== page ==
ACDSee is an image viewer that uses very little system resources, and it has a small, sleek size that won't take up much space on your system. Thanks to the small size and basic functionality of the software, it is one of the most responsive image viewers in its category.
Alternatives to ACDSee
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We have published are 2 reviews for ACDSee. The average overall ratings is 3.5 / 5 stars.
Overall Opinion: It is slow in 2019 (maybe it refers to a Pro version)... It leaves over 20GB cache file on your system disk (speaking of so-called small footprint). It's just not what it used to be. On the plus side, it does have a host of features that is enough for most people to edit a photo or a bunch and I like it. But using it is a bit of a pain lately.
Overall Opinion: If you've ever used the default photo viewer app in just about any operating system, you've probably realized one thing about all of them. They generally run too slowly, and that is often because those default viewers come with a few too many functions for them to be optimized for utility. That may sound strange, but what that basically means is that those apps sacrifice speed for extraneous functions that most users never need. ACDSee doesn't have this problem because the software was designed to forgo those additional functions in favor of optimal speed. Just like every other variety of software, image viewers come in a range of qualities, and those qualities are generally related to the number of features in the software. However, each user is different, so what works best for one might not work at all for another. For example, the industry standard for image viewing apps is certainly Adobe Lightroom, but that app is expensive, packed full of professional features, and heavy on system resources. It works well for professionals, but daily users have no need for such extravagance. Your system will not be slowed by any degree when you take advantage of the slim yet powerful size and functionality of ACDSee. There is never any delay between your commands being issued and carried out, and the convenient list of tools contains various implements that you'll find quite useful. Zooming in and out of the current image is as easy as pressing the '-' and '+' symbols, and you can set that same image as the desktop background with a single click. Printing is no issue with ACDSee either. It has several printing options that help you translate your images into physical representations. While browsing your images, you can select an image to print, set the paper size and image format, and change various other options to personalize your printed image. Toying around with the available options is a great way to find out what the tool can really do. There are more advanced versions of ACDSee that have expanded functions, but the free basic version is what most users will end up wanting. The free version might be limited in advanced functions, but it is fast, efficient, and it costs nothing. The software is particularly useful if you regularly deal with batches of images since it can handle large volumes of data with no lag. Since the basic version of ACDSee is free, you might as well try it and find out if its feature set and speed are ideal for you. If all you need is an image viewer, this software is an excellent option. When compared side by side with default photo viewers, it easily holds its own.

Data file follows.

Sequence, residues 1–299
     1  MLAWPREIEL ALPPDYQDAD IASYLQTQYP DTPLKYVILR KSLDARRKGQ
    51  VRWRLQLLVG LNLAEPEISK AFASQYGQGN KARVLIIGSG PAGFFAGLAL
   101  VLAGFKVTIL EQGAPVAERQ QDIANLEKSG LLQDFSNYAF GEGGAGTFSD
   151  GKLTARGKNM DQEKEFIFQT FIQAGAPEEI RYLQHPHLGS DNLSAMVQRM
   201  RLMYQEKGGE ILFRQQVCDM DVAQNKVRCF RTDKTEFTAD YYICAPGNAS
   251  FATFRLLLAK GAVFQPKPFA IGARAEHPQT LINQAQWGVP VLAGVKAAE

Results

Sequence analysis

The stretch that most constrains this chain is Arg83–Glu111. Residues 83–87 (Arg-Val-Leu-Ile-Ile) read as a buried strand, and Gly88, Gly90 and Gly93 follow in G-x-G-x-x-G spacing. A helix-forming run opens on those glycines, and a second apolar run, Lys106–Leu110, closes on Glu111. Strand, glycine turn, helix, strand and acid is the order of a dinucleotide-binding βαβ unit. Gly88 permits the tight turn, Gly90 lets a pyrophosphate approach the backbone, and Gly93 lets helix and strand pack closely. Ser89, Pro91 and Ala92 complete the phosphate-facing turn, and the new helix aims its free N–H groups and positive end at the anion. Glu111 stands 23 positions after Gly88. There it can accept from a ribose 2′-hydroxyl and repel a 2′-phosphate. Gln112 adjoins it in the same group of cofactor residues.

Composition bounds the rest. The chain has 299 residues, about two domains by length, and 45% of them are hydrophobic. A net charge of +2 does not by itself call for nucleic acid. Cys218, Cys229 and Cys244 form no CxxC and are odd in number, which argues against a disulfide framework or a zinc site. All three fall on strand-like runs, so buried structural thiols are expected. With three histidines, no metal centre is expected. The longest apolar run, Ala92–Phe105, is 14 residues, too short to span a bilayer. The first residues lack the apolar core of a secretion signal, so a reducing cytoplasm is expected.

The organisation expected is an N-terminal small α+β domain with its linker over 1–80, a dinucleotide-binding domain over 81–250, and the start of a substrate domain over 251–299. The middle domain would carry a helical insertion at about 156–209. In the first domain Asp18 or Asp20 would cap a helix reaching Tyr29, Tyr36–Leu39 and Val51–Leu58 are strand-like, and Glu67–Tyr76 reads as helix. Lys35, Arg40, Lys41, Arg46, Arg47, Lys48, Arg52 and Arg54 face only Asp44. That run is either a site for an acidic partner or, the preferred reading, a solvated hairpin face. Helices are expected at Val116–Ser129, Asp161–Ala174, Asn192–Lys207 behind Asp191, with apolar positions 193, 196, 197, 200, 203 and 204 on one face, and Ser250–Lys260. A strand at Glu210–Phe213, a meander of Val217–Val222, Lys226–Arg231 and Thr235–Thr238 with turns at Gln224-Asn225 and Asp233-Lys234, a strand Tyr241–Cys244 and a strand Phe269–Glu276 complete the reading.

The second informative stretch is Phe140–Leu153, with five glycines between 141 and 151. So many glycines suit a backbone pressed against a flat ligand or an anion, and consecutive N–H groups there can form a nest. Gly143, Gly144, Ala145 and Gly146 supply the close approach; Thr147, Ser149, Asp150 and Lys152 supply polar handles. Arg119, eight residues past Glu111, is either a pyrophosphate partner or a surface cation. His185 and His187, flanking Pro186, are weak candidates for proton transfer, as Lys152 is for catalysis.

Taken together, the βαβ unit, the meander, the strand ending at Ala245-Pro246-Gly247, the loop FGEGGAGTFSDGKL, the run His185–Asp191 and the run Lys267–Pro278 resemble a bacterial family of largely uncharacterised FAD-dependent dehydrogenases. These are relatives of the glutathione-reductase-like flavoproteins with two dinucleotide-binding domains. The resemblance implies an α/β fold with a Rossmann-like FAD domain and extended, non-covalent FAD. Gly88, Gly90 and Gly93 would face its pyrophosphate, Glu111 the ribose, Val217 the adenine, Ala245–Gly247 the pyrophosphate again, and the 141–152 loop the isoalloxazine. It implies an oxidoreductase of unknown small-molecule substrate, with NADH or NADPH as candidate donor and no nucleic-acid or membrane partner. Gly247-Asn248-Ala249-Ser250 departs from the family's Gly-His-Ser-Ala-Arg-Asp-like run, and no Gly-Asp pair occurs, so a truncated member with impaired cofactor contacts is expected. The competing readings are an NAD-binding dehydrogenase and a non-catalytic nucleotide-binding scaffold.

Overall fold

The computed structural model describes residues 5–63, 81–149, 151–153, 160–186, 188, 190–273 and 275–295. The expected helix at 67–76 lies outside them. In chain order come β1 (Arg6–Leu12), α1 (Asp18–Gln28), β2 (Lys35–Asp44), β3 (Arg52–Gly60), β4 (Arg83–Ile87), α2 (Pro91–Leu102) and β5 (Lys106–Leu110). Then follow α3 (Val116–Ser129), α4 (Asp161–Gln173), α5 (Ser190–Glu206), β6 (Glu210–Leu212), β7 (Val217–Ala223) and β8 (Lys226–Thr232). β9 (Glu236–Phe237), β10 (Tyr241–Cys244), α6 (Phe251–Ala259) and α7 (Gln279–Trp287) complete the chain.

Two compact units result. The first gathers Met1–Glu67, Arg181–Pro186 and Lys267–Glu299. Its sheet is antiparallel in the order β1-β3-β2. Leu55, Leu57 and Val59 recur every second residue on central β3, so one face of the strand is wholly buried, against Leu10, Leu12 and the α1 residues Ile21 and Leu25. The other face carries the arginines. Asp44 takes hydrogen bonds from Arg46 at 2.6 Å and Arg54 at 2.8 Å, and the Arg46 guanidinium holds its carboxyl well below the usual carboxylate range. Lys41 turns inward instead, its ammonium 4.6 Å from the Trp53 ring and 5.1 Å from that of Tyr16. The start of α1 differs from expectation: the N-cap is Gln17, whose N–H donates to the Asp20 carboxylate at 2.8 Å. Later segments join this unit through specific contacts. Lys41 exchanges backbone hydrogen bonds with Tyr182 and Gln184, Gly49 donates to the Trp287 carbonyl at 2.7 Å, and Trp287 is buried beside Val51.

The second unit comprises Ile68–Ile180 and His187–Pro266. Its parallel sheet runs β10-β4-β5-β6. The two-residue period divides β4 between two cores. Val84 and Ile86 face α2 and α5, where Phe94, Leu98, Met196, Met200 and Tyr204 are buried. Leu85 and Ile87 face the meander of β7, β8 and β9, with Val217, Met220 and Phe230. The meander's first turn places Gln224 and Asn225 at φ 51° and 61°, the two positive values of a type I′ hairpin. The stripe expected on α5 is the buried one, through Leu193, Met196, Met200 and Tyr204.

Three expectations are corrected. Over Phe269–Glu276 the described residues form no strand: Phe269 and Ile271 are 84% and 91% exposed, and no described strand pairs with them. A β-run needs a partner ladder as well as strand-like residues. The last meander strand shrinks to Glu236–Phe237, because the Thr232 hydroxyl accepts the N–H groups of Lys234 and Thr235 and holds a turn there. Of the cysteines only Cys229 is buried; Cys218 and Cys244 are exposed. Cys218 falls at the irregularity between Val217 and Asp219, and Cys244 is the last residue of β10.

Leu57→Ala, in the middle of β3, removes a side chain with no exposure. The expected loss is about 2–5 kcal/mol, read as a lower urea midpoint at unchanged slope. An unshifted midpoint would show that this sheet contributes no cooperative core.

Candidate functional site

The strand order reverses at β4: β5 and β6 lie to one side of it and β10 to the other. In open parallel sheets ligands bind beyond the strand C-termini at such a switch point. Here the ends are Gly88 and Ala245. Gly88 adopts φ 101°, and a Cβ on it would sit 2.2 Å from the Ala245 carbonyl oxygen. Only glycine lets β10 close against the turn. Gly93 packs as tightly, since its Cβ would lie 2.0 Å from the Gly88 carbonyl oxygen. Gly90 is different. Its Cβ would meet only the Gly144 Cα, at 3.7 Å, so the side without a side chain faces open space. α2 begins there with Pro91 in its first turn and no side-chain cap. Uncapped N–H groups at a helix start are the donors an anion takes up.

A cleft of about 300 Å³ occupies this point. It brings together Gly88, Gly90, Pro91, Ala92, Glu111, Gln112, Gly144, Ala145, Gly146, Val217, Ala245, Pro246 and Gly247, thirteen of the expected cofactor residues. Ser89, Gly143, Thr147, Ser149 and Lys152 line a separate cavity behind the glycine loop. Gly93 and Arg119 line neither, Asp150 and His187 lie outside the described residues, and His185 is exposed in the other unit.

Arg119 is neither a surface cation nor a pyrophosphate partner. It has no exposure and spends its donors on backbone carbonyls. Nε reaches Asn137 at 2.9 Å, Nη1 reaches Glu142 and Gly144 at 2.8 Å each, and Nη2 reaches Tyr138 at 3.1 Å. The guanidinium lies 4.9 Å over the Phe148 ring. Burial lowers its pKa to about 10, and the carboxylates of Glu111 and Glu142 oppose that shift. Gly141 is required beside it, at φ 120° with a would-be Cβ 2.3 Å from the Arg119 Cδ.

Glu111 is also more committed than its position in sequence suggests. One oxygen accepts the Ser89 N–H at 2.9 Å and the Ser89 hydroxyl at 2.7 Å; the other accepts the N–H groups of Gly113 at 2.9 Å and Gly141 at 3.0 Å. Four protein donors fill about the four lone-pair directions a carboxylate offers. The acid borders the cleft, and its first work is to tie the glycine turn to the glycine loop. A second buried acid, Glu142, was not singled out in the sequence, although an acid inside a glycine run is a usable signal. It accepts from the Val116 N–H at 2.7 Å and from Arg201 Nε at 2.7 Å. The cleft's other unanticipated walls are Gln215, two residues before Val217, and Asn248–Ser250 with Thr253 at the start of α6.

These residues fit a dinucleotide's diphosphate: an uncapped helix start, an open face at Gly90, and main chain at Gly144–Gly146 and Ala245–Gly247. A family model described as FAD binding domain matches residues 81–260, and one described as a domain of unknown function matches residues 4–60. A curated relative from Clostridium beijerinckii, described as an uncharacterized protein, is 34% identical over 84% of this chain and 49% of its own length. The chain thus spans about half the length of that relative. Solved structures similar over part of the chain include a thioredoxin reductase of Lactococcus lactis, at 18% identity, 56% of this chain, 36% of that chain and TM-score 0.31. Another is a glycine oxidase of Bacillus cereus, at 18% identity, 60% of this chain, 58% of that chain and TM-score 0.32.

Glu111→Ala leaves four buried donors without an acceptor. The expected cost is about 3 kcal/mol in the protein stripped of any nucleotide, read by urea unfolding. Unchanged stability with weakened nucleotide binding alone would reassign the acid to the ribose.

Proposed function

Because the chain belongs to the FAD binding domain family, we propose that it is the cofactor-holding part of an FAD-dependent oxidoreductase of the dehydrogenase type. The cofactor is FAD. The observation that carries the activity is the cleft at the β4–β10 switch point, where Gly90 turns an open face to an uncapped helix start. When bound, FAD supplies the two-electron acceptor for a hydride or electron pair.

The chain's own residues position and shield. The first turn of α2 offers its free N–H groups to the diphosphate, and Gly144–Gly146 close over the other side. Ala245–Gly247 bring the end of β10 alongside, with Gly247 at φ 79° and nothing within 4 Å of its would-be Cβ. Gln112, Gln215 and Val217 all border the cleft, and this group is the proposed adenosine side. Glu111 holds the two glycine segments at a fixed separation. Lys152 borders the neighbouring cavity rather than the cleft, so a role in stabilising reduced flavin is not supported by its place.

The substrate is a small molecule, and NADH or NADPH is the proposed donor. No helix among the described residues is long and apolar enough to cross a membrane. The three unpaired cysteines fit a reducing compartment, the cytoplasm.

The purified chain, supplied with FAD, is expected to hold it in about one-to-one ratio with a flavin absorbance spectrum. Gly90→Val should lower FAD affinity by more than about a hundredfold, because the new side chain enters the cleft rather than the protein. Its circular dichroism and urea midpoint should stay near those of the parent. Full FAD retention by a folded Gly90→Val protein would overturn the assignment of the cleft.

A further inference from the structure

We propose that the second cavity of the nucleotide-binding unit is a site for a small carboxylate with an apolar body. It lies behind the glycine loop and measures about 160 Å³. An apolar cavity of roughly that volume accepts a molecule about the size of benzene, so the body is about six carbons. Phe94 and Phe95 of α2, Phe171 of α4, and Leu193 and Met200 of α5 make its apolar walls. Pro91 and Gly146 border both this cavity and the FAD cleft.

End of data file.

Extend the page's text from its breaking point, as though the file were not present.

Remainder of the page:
Pros: Fast Processing Various Printing Options Displays Image Data
Cons: Lackluster UI Limited Unique
In our inaugural episode, PhotoJoseph sits down with Adam and Tony from ACDSee — not the band, but the software company. Never heard of them? This company has been making a compelling alternative...
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This page was composed by Alternative.me and published by Alternative.me. It was created at 2018-05-01 00:20:54 and last edited by Alternative.me at 2020-03-06 07:49:48. This page has been viewed 14712 times.